Indicates Matter Stricken
Indicates New Matter
The Senate assembled at 11:00 A.M., the hour to which it stood adjourned, and was called to order by the ACTING PRESIDENT, Senator SETZLER. (This is a Statewide Session day established under the provisions of Senate Rule 1B. Members not having scheduled committee or subcommittee meetings may be in their home districts without effect on their session attendance record.)
The following remarks by Senator SCOTT were ordered printed in the Journal of March 15, 2017:
Thank you Mr. PRESIDENT, members of the Senate. Since the Great Recession, state funding of public colleges and universities has fallen. From 2007 - 2008 and in 2016 and 2017, state funding of higher education has dropped nearly $300 million. In 2007 - 2008, higher education represented 13% of the general fund appropriations. In 2016 and 2017, only 8% of the general fund dollars were spent on higher education. What does that mean? Since October 2016, the Southern Region of the Educational Board known as SREB released a profile on higher education affordability in South Carolina. Tuition and fees at both public four-year colleges and public two-year institutions in South Carolina has been growing much more rapidly than either inflation or the family income. From 2006 - 2014, tuition at public four-year institutions has increased by 62% according to SREB. Our goal was to create affordable college education for all South Carolinians. But we've seen such rapid growth in the cost of education --I'm not so sure right now, as we look at some of the smaller institutions whether they can ever catch up again unless we begin to do some very creative things and make sure funding is actually there. During the same period, the CPI was 22% or nearly a third of the rate of the increase for tuition for the South Carolina four-year university. Meanwhile, South Carolina families' income decreased 8% at the same period according to the Southern Region of Education. According to SREB data, South Carolina spends three times more regionally and seven times more nationally per student on merit scholarships than other non-need based aid. Meanwhile, the State spends 6% less regionally and 7% less nationally per student on the base financial need. So really and truly, what is the real need for the Commission on Higher Education? Where does it fit in trying to fix this puzzle? The Commission of Higher Education, in my opinion, has gotten a bad hit. Why? Because we went to sleep at the switch. A lot of things changed. We have continued to under fund them. Why? Simply because we have not kept pace and understood all of the changes that have occurred since the recession. No fault of one particular person. I'm not here this morning to point the finger at anybody. I accept the same responsibility as everybody. Our concern is how do we get it right? As we look at the possibility of a bond and whether or not the State will even have a Bond Bill, the question is who besides this General Assembly needs to have the real review, real oversight of the best way to spend our dollars? We continue to see some of the larger institutions continue to add programs, change programs, create in many cases hardships on other smaller schools -- who that's been their bread and butter for survival. Nobody has been watching the door. The net result is that we continue to grow larger institutions and shrink smaller institutions. We need to get higher education back into the loop and look at what is going on. Who makes that decision? Each time when I first begin to talk about diversity, I thought it was all about African-American only. It's not! We live in a very diverse community. We brought many international companies in here and with them, families and children and other folks from other countries have come here. Our challenge is how do we close the communication gap? How do we continue to be at the forefront, especially with our research institutions? That's what diversity is. Faculty, staff, research -- some of the best minds we can bring into South Carolina. And, of course, minority students both African-American and other minority students. What's the best way to spend these dollars? We recognize based on the early numbers that I gave you, we're never going to go back. What is the best way for us to continue to fund our colleges and universities? What about our dual enrollment program? What about our young children now who are both at high school and college at the same time. Who is going to help us to make sure we get all of these things right? I say to you -- and I'm hoping as we work through this particular budget, Mr. Chairman, we begin to look at some provisos that bring these colleges and universities, presidents and leadership together to talk about how we can change and look at the best practice for our Commission on Higher Education. Let's not under fund it but fund it with something that's going to make a difference as we try to improve our colleges and universities, as we continue to grow jobs and young people and the best minds in South Carolina. Thank you very much.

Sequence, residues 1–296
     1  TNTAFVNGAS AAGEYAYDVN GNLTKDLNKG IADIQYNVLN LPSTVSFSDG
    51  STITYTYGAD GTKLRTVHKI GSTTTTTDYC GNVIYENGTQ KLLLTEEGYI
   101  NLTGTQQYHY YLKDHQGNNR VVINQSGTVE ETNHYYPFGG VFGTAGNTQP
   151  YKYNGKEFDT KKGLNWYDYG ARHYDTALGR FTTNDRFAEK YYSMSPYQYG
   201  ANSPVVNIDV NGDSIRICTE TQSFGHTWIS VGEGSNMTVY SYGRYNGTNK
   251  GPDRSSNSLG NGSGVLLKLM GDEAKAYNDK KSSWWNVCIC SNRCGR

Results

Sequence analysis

At 11:03 A.M., on motion of Senator CROMER, the Senate adjourned to meet tomorrow at 11:00 A.M., under the provisions of Rule 1B.
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